By 1963 the photographic evidence I've seen suggests that not surprisingly the up starter was out of use and I can't see any trace of the down home, but even after closure the up home seems to have been in good condition
    My plan is certainly to operate it on a one engine in steam basis, though allowing myself discretion to run the odd passenger train when no one is looking.
    There are two reasons I want to understand how it would have worked in the real world. One is to get the point rodding at least roughly right, and the other is to make operation more deliberate, without, hopefully, getting to the point of being tedious.

  3. James,

    I'm quite happy to draw up a signalling diagram based on if you'd like. It might not be perfect, as it would be my interpretation of what is known,but you could then base your decision on the fact that the lines passenger service has only just been withdrawn so the station retains the signalling required for that.

    1. Richard, It would be a great help if you could. So far the only Tanat Valley diagram I've come across is the one of Llangynog Mike Lloyd included in his book.

  4. I'm so glad that you two are discussing this, I was going to suggest that Richard might be able to help. Afraid my knowledge of signalling isn't that great so it will be interesting to see what the pair of you come up with :-)

    Will you be taking the plunge and switching to EM this time around James, such a small compact layout would be an ideal introduction ?

  5. Geoff, Yes I don't see much point in proceeding unless I go with EM gauge. Not just because of the inherent increase in accuracy but also because of the knock on effect on other aspects of my modelling. It does feel like a big leap though and I've been staring at the contents of a C+L turnout kit for weeks without feeling in the right mood to start building it. However if I do mess it up then for this scheme I'm quite prepared to use SMP.

  6. James,
    I think you will be pleasantly surprised just how easy the kit will go together, just take your time and all will be well. If you haven't already joined the EMGS and don't have access to the manual then I will be more than happy to scan and mail you the notes on building a simple B6. Though the kits are ideal once you have more confidence then it's much cheaper to buy the components from the society stores.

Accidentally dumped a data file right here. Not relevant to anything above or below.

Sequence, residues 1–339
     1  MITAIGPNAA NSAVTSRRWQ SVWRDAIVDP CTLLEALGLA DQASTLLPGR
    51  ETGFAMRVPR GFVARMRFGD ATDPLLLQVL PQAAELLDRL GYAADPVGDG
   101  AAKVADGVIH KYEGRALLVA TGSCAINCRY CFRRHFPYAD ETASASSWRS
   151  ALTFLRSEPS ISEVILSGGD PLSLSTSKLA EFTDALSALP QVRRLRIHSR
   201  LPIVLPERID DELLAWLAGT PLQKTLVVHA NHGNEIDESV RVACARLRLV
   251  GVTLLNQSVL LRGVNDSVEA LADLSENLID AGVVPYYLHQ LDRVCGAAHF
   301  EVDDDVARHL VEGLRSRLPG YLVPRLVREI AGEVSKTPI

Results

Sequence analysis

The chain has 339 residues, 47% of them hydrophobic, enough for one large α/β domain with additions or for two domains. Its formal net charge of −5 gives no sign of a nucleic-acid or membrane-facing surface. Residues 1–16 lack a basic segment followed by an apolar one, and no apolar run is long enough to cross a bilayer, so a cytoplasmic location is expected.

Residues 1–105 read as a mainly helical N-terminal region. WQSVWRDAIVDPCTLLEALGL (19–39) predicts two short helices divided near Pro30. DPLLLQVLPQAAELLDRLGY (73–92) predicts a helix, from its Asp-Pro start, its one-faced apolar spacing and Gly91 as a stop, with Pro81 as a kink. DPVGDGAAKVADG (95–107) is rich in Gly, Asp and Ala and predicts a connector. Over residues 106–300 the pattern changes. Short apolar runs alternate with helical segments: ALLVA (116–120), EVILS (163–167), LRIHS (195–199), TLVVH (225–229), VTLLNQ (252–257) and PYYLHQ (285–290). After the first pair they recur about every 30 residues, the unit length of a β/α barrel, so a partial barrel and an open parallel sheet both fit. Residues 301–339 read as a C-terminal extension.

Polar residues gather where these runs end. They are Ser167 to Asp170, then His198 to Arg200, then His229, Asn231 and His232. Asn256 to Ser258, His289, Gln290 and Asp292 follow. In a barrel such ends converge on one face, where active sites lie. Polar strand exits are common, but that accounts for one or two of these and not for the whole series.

Do you have the necessary gauges ?

    1. Geoff, I hope so. I rejoined the EMGS after a gap of over 25 years, a few months ago.and I think I have most of the required gauges. What I need most is a quiet weekend without family and dogs, and with good light.

  7. I am sure all will be fine and you will enjoy the experience, I've put a post together on my blog. to show you how I go about things. Any questions then you know where I am :-)

    1. Geoff, Excellent. I've already read it a couple of times. So tht first point is accelerating up my to do list. It would be nice to have at least had a go before Warley so I can hold my head up high.

  8. Glad you found that of use, seeing as you have rejoined the EMGS you will find the method described with plenty of drawings in the track section of the manual CD. Once you have a clear plan of action then press ahead, I am assuming that your kit has both the crossing and switch blades prepared ?
    If that is the case then the most critical part of construction has been done for you but the blades will probably need a little honing to get a good fit against the stock rails. I'm not sure if you have Templot or are aware that it is now a free download with the option of making a donation ?

    Have fun,

  9. Geoff, Yes I've got Templot. Unfortunately the one thing it needs to be used properly is time. Every time I go back to it I've forgotten what I learned the last time I used it. That is part of the attraction of TRAX If only to get me to the point where I've got the plan to a workable stage, though it only does very basic sleepering.plans.